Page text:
Concretely, each image has a single class label . An algorithm is allowed to return 5 labels , and is considered correct if for some .
Let the error of a prediction be if and otherwise. The error of an algorithm is the fraction of test images on which the algorithm makes a mistake:
We used two additional measures of error. First, we evaluated top-1 error. In this case algorithms were penalized if their highest-confidence output label did not match ground truth class . Second, we evaluated hierarchical error. The intuition is that confusing two nearby classes (such as two different breeds of dogs) is not as harmful as confusing a dog for a container ship. For the hierarchical criteria, the cost of one misclassification, , is defined as the height of the lowest common ancestor of and in the ImageNet hierarchy. The height of a node is the length of the longest path to a leaf node (leaf nodes have height zero).
However, in practice we found that all three measures of error (top-5, top-1, and hierarchical) produced the same ordering of results. Thus, since ILSVRC2012 we have been exclusively using the top-5 metric which is the simplest and most suitable to the dataset.
4.2 Single-object localization
The evaluation for single-object localization is similar to object classification, again using a top-5 criteria to allow the algorithm to return unannotated object classes without penalty. However, now the algorithm is considered correct only if it both correctly identifies the target class and accurately localizes one of its instances. Figure 7(middle row) shows some examples.
Concretely, an image is associated with object class , with all instances of this object class annotated with bounding boxes . An algorithm returns of class labels and associated locations . The error of a prediction is:
Here is the error of localization, defined as if the area of intersection of boxes and divided by the areas of their union is greater than , and otherwise. (Everingham et al., 2010) The error of an algorithm is computed as in Eq. 1.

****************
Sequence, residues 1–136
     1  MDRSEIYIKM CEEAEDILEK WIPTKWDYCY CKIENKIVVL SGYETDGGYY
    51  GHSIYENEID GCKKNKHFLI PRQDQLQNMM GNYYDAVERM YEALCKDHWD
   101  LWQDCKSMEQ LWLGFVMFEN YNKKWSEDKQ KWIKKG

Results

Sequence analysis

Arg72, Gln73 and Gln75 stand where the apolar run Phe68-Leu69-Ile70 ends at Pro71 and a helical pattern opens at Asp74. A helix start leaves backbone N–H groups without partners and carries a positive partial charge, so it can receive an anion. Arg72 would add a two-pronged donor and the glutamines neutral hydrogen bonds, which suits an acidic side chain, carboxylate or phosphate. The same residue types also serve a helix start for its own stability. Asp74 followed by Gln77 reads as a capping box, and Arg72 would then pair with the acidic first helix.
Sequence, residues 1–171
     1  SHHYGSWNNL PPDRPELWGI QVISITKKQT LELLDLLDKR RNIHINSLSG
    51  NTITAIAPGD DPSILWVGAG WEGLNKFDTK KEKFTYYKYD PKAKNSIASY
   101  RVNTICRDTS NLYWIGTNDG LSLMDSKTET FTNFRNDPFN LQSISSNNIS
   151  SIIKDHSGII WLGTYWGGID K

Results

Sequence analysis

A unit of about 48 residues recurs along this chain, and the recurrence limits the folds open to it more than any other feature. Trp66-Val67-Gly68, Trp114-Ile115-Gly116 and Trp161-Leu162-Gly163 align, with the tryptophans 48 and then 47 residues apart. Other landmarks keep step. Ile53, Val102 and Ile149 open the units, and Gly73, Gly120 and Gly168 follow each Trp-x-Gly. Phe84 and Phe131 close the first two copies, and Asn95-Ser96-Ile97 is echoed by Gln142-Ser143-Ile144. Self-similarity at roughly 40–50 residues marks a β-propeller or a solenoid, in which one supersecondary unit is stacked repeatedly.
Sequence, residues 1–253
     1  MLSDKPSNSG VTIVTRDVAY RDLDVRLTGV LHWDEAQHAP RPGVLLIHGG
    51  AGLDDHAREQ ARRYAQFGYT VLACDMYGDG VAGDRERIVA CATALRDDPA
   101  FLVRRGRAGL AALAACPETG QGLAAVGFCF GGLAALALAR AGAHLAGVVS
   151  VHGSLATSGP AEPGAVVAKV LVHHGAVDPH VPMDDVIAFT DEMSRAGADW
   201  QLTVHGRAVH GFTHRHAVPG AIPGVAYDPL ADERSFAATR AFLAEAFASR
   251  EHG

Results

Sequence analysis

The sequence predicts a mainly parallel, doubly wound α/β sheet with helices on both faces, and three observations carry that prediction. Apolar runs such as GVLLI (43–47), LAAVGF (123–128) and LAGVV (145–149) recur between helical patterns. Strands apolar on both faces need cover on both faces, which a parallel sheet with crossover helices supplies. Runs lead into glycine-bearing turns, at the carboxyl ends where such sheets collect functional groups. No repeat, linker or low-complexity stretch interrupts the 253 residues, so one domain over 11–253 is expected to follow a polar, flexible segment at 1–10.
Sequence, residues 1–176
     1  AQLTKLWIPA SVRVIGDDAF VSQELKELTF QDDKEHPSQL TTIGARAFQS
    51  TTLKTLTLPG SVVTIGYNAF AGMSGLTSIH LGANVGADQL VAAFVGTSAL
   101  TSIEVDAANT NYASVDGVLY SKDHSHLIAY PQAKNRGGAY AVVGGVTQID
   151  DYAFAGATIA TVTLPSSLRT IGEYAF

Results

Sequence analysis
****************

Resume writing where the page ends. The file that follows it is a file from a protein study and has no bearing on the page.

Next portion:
Evaluating localization is inherently difficult in some images. Consider a picture of a bunch of bananas or a carton of apples. It is easy to classify these images as containing bananas or apples, and even possible to localize a few instances of each fruit. However, in order for evaluation to be accurate every instance of banana or apple needs to be annotated, and that may be impossible. To handle the images where localizing individual object instances is inherently ambiguous we manually discarded of images since ILSVRC2012. Some examples of discarded images are shown in Figure 8.
4.3 Object detection
The criteria for object detection was adopted from PASCAL VOC (Everingham et al., 2010). It is designed to penalize the algorithm for missing object instances, for duplicate detections of one instance, and for false positive detections. Figure 7(bottom row) shows examples.
For each object class and each image , an algorithm returns predicted detections of predicted locations with confidence scores . These detections are greedily matched to the ground truth boxes using Algorithm 2. For every detection on image the algorithm returns if the detection is matched to a ground truth box according to the threshold criteria, and otherwise. For a given object class, let be the total number of ground truth instances across all images. Given a threshold , define recall as the fraction of the objects detected by the algorithm, and precision as the fraction of correct detections out of the total detections returned by the algorithm. Concretely,
The final metric for evaluating an algorithm on a given object class is average precision over the different levels of recall achieved by varying the threshold . The winner of each object class is then the team with the highest average precision, and then winner of the challenge is the team that wins on the most object classes.888In this paper we focus on the mean average precision across all categories as the measure of a team’s performance. This is done for simplicity and is justified since the ordering of teams by mean average precision was always the same as the ordering by object categories won.
Difference with PASCAL VOC.
Evaluating localization of object instances which occupy very few pixels in the image is challenging. The PASCAL VOC approach was to label such instances as “difficult” and ignore them during evaluation. However, since ILSVRC contains a more diverse set of object classes including, for example, “nail” and “ping pong ball” which have many very small instances, it is important to include even very small object instances in evaluation.
In Algorithm 2, a predicted bounding box is considered to have properly localized by a ground truth bounding box if . The PASCAL VOC metric uses the threshold . However, for small objects even deviations of a few pixels would be unacceptable according to this threshold. For example, consider an object of size pixels, with a detection window of pixels which fully contains that object. This would be an error of approximately pixels on each dimension, which is average human annotation error. However, the IOU in this case would be , far below the threshold of . Thus for smaller objects we loosen the threshold in ILSVRC to allow for the annotation to extend up to 5 pixels on average in each direction around the object. Concretely, if the ground truth box is of dimensions then
In practice, this changes the threshold only on objects which are smaller than approximately pixels, and affects of objects in the detection validation set.